"This is an extension of the whole concept of consumerism," said Dr. Michael Mesoras, Aetna's medical director for patient management in the mid-Atlantic region, which includes Pittsburgh.
"With this, there's the potential that patients could say, 'Well, all these guys are good, I'm going to see which one is less expensive,' " said Dr. Mesoras
.The theory is that when people are spending their own money, they will be more judicious in their health care purchases.
In addition to Pittsburgh, Aetna
is expanding its program from Cincinnati to seven other markets, although consumers in some of those markets also will receive information about the clinical quality and efficiency of doctors.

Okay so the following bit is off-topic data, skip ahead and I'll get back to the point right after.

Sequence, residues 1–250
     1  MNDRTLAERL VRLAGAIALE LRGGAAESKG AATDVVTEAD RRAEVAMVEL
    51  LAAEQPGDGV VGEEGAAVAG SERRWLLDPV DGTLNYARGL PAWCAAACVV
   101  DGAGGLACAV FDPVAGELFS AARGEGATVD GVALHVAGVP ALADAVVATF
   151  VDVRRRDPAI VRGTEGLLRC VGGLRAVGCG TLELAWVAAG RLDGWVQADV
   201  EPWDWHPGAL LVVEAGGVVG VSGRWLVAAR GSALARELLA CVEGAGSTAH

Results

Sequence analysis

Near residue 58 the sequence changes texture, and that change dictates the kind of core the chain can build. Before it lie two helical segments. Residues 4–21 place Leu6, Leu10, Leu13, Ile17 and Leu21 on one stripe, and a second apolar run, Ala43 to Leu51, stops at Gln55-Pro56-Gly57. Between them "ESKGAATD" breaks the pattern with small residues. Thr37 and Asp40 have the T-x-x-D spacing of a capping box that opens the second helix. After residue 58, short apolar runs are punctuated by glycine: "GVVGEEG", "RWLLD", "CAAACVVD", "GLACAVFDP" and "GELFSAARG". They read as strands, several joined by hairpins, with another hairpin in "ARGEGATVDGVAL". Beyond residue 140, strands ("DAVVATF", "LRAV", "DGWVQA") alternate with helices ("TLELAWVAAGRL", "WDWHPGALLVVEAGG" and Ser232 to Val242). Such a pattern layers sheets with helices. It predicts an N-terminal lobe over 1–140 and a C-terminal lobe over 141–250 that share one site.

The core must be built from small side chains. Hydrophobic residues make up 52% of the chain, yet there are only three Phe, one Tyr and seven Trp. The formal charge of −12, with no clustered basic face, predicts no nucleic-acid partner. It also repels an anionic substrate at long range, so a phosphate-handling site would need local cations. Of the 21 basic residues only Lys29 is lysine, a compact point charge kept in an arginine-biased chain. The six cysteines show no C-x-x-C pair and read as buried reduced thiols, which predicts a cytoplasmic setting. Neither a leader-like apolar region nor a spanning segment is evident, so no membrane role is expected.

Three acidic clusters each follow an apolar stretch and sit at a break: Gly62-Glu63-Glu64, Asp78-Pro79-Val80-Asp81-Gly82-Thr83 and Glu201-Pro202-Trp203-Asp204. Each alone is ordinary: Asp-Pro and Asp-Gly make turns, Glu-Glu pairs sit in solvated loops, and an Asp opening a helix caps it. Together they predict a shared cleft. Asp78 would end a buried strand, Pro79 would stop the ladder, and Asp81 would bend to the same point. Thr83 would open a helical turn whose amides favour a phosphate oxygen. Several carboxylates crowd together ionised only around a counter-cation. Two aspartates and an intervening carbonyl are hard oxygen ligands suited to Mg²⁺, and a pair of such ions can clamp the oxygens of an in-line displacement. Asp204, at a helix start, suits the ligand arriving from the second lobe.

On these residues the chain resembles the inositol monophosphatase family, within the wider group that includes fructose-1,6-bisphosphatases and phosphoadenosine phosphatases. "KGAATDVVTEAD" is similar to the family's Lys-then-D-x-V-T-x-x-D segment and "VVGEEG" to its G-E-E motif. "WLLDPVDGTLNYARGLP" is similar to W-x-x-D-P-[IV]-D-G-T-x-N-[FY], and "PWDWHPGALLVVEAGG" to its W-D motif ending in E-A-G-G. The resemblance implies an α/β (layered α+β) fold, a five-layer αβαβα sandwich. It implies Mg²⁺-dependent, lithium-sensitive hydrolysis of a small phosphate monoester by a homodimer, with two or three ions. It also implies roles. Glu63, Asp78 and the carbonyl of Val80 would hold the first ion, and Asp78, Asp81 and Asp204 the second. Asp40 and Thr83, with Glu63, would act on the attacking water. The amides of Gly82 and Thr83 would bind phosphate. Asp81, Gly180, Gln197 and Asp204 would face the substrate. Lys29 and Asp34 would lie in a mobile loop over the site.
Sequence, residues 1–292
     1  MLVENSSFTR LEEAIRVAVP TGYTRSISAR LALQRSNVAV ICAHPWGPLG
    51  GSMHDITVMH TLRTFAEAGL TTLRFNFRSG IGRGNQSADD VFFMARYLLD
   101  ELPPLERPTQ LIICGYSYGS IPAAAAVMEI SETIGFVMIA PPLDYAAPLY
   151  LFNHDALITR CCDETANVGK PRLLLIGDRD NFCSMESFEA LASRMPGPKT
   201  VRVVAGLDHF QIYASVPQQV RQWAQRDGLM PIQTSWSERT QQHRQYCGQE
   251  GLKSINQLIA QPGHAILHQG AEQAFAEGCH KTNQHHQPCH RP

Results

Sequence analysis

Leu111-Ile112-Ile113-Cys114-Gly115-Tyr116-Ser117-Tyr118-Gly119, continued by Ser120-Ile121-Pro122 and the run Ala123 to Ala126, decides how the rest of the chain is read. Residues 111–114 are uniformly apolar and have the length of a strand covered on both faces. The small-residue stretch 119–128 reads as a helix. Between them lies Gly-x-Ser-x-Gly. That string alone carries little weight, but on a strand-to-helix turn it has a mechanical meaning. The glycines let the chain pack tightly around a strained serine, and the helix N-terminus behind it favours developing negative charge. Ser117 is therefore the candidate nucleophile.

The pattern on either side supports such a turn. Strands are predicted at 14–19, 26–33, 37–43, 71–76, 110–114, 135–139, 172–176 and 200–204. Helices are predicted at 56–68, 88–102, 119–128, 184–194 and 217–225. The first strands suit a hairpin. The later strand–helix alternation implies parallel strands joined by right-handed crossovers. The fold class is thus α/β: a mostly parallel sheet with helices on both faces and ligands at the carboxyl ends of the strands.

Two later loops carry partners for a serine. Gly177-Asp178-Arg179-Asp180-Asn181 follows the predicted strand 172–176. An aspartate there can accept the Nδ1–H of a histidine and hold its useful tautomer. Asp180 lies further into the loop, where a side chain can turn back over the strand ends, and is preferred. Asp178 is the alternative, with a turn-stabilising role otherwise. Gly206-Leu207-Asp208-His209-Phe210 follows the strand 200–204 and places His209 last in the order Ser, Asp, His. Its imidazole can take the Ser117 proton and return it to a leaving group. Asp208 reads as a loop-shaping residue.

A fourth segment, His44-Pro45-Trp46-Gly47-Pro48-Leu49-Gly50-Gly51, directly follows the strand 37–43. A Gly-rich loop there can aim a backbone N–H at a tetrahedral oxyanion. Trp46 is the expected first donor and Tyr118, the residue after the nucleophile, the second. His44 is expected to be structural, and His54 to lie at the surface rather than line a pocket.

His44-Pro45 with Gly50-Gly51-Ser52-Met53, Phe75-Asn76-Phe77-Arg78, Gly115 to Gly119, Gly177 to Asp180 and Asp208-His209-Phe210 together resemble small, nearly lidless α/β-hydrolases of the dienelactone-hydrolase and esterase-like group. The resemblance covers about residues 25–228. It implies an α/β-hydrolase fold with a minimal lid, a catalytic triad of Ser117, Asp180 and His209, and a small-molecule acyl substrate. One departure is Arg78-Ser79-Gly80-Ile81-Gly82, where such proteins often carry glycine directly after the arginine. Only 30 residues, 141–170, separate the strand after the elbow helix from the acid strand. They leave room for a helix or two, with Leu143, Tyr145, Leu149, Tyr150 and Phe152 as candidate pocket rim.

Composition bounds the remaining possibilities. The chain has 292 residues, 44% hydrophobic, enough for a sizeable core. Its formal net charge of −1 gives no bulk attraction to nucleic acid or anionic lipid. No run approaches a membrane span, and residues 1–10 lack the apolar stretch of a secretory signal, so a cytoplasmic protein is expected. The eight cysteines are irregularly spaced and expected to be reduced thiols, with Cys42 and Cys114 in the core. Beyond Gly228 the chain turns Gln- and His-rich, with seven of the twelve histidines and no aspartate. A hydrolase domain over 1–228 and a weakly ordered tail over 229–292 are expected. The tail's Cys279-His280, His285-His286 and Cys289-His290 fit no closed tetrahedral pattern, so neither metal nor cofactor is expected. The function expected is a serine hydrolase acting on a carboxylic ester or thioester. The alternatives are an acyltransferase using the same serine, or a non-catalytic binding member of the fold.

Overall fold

In the Cincinnati area, where the company has about 200,000 members, Aetna
found that about 26,000 consumers used its Web site to access price information about physician services at a rate of between 600 to 1,000 visits per month.It's unclear if the information changed consumer behavior, Dr. Mesoras
But Dr. Mesoras
, the Aetna official, said his
company had been able to use transparency in its favor during negotiations.In a few cases, doctors demanding high rates for certain procedures have backed down after learning that their relative reimbursements will be visible on the Aetna Web site.
"What we don't have in medicine is true competition from a price perspective," he